Landmarks in Aitolo-Akarnania


The Huseyin Pasha Turkish bath, built around 1702, lies right next to the site of the Vezir Tzami mosque, which does not exist anymore. The neighbourhood, however, is still called Vezir Tzami.
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Belonging to the Kapsali family, the mansion is home to the Messolonghi Byron Society dedicated to Lord Byron's life and poetry.The celebrated English poet and Philhellene Lord Byron came to the city to support the Greek revolutionary cause and died in Mesolongi in 1824.
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Built by Sultan Bayazit Veli, son of Mohammed II (1446-1512), in reconnaissance of God for the seizure of the city of Nafpaktos in 1499, the mosque was the first in the city. When Christianity returned, it became a commercial establishment. It was recently renovated however and is now used for cultural events.
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A park of plants and monuments dedicated to the heroes of the region, this space is nature's way of making amends with a troubled past. There is even a monument for Philhellenes from France, Germany, Italy and Poland who took part in the Greek war of independence, as well as a marble statue of the poet Byron.
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Built in 1914 by Bishop Seraphim Domvoiti, the architecturally beautiful clock overlooks the city and can be reached from the church of Agios Dimitrios. Visit in the afternoon when the sun lies low and reflects against the clock.
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Famous scholar and teacher Panagiotis Palamas was born here in 1722. His son, the famous poet Kostis Palamas who wrote the Olympic Hymn also lived here.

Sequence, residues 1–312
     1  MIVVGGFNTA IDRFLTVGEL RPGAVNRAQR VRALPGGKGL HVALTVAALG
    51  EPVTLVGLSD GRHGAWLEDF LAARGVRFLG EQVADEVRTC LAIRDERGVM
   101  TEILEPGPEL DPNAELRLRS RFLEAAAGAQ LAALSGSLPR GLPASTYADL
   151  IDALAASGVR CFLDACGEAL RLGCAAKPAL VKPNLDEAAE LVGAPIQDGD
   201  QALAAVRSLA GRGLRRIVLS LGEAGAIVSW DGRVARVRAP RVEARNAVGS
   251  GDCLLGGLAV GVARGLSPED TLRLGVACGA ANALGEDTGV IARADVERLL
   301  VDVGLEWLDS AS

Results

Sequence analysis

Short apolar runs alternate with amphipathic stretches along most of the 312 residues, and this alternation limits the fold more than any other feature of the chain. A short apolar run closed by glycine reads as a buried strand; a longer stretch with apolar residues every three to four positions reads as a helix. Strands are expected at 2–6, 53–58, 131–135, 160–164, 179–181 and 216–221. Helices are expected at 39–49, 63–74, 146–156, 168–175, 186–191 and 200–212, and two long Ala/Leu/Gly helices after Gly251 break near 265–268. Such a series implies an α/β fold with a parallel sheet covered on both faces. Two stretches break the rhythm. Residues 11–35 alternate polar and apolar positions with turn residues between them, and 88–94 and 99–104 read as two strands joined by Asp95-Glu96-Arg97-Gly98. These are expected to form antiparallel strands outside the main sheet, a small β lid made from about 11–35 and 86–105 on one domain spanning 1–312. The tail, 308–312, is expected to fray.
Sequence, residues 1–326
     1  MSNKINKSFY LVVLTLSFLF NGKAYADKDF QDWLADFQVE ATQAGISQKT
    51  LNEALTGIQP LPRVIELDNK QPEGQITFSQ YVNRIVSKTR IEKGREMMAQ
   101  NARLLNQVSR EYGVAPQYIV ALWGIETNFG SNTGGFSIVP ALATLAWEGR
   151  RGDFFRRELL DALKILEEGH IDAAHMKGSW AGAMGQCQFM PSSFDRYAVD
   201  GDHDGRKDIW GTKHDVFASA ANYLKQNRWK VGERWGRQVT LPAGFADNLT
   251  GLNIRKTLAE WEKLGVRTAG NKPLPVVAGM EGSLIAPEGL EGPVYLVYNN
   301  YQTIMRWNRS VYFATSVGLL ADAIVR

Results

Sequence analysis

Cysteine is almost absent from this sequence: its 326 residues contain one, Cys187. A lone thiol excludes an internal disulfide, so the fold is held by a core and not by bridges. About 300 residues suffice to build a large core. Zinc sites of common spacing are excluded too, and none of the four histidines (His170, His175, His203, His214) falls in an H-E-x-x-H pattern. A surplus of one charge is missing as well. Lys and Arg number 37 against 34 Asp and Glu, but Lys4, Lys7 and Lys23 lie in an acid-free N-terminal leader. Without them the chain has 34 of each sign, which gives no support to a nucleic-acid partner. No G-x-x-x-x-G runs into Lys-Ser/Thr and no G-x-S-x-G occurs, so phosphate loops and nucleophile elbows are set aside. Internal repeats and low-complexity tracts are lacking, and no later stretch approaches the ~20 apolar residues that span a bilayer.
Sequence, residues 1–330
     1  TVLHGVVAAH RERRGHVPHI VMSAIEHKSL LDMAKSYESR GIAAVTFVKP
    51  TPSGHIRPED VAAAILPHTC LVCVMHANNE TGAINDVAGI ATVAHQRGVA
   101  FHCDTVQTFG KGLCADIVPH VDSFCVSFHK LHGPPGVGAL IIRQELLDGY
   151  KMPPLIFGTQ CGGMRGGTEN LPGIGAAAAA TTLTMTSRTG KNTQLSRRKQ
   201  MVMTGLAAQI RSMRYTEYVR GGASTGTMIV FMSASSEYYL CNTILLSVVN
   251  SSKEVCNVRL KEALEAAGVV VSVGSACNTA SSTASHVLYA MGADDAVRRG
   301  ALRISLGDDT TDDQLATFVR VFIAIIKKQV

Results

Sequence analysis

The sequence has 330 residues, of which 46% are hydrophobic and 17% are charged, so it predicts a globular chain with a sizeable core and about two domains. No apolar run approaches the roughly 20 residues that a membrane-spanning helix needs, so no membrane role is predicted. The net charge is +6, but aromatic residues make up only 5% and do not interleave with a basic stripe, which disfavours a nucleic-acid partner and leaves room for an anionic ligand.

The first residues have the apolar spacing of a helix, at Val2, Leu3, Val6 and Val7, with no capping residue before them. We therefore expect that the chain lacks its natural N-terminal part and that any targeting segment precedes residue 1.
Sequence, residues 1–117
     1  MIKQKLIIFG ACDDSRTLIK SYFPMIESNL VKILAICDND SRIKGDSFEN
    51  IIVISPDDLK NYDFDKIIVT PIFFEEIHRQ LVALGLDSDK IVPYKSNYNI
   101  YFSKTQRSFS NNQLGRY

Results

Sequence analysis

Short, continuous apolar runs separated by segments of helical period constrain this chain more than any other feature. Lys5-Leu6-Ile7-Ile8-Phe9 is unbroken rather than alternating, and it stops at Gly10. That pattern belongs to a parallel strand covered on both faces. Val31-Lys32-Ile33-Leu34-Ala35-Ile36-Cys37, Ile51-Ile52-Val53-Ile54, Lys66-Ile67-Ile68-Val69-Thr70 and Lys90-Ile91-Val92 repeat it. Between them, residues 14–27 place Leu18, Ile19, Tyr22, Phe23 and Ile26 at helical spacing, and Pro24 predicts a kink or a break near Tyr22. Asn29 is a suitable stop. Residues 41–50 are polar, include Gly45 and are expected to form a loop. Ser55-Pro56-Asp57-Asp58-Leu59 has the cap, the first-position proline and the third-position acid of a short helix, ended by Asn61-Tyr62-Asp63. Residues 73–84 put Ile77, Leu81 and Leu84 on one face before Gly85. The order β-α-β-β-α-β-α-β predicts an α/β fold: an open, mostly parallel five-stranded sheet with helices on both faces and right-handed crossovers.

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In Nafpaktos and near its port, the statue of Giorgos Anemogiannis reminds visitors of the Greek War of Independence against the Ottoman Turks. At a young age of 25, Anemogiannis tried to burn the Ottoman fleet in the harbour and was caught. He was subsequently tortured and killed by the occupiers in 1821.
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Close to the port and castle there is a Venetian tower from the 15th century and an Ottoman tower from the 16th. The latter was procured by General Notis Botsaris in 1829 when the city gained independence. The tower features a museum regarding the 1571 Battle of Lepanto and many paintings, gravures, etc. Worth seeing.
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The old railway station was renovated and redesigned for hosting cultural events, as well as film screenings by the Mesolongi Friends of Film Association. Photo: Agrinioculture.
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Built near the lagoon and could be the oldest building in the city. This is where Greek statesman, diplomat, author and orator Spiridon Trikoupis was born and raised. His son Charilaos Trikoupis became Prime Minister seven times in the late 1800s.
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Home of politician Zafeirio-Zenovio Valvis, featuring his notable collection of books. The building has become a public library. Valvis served as twice as Prime Minister of Greece in the mid 1800s.
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